The patient must make several requests for a prescription for the lethal medication, at least one of which must be made in writing on a specific form required by law and must be witnessed by someone other than a relative, the physician, employee of the health care facility and is someone not entitled to receive any portion of the patient’s estate upon his or her death. The attending physician must recommend that the patient inform their next of kin of their decision to administer lethal medication and there is a 48 waiting period after the written request to release the medication.

The drafters of the legislation took great care to make sure that a patient contemplating an end of life decision has the benefit of medical advice, an evaluation of competence, involvement of family members and a cooling off period to deal with potentially hasty decisions.  There is a lot of responsibility placed on an attending physician in directing the process. A physician who acts in accordance with the statute cannot be prosecuted for a criminal act.

New Tax on Short Terms Property Rentals Threatens Shore Communities

Posted on: April 22nd, 2019 by Dana O'Donnell No Comments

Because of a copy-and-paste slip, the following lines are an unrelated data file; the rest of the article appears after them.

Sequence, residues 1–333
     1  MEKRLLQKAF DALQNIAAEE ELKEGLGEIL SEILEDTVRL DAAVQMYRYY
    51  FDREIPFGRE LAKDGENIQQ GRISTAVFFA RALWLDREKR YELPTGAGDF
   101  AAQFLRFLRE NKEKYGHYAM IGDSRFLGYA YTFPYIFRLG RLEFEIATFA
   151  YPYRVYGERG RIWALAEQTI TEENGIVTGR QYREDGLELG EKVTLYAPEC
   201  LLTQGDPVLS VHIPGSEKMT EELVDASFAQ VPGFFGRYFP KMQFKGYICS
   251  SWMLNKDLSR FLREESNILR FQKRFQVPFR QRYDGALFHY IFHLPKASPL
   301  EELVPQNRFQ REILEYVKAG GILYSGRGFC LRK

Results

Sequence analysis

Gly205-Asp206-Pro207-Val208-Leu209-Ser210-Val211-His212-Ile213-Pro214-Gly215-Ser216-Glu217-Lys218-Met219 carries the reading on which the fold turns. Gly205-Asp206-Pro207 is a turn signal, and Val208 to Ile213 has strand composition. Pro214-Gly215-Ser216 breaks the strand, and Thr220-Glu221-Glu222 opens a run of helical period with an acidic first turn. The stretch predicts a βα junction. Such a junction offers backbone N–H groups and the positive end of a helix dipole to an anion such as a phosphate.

An Article By; Scott P. Borsack, Esq. 

While most of us were distracted by the potential for a New Jersey government shutdown over Governor Murphy’s demand for revisions to the so-called millionaire’s tax this past fall, one tax provision found its way into the compromise legislation without much attention. Dubbed the “Airbnb” tax, the New Jersey legislature has adopted a tax of 11.6 percent of the fee paid for rentals of less than 14 days completed without a realtor. The tax applies to rentals statewide but its likely impact will be greatest felt in the shore communities from Stone Harbor to Barnegat. Though there are several ways to avoid the tax, such as renting for two weeks or avoiding websites that broker rentals without a realtor, the furor over the tax is likely to boil over as more owners become aware of its application.

A recent article in the New York Times highlighted the experiences of many owners of property on Long Beach Island who in years past reported that their properties were fully rented for the coming summer season by March each year.  As word of the tax spread, many summer beachgoers made other plans and rental owners reported a significant decrease in volume.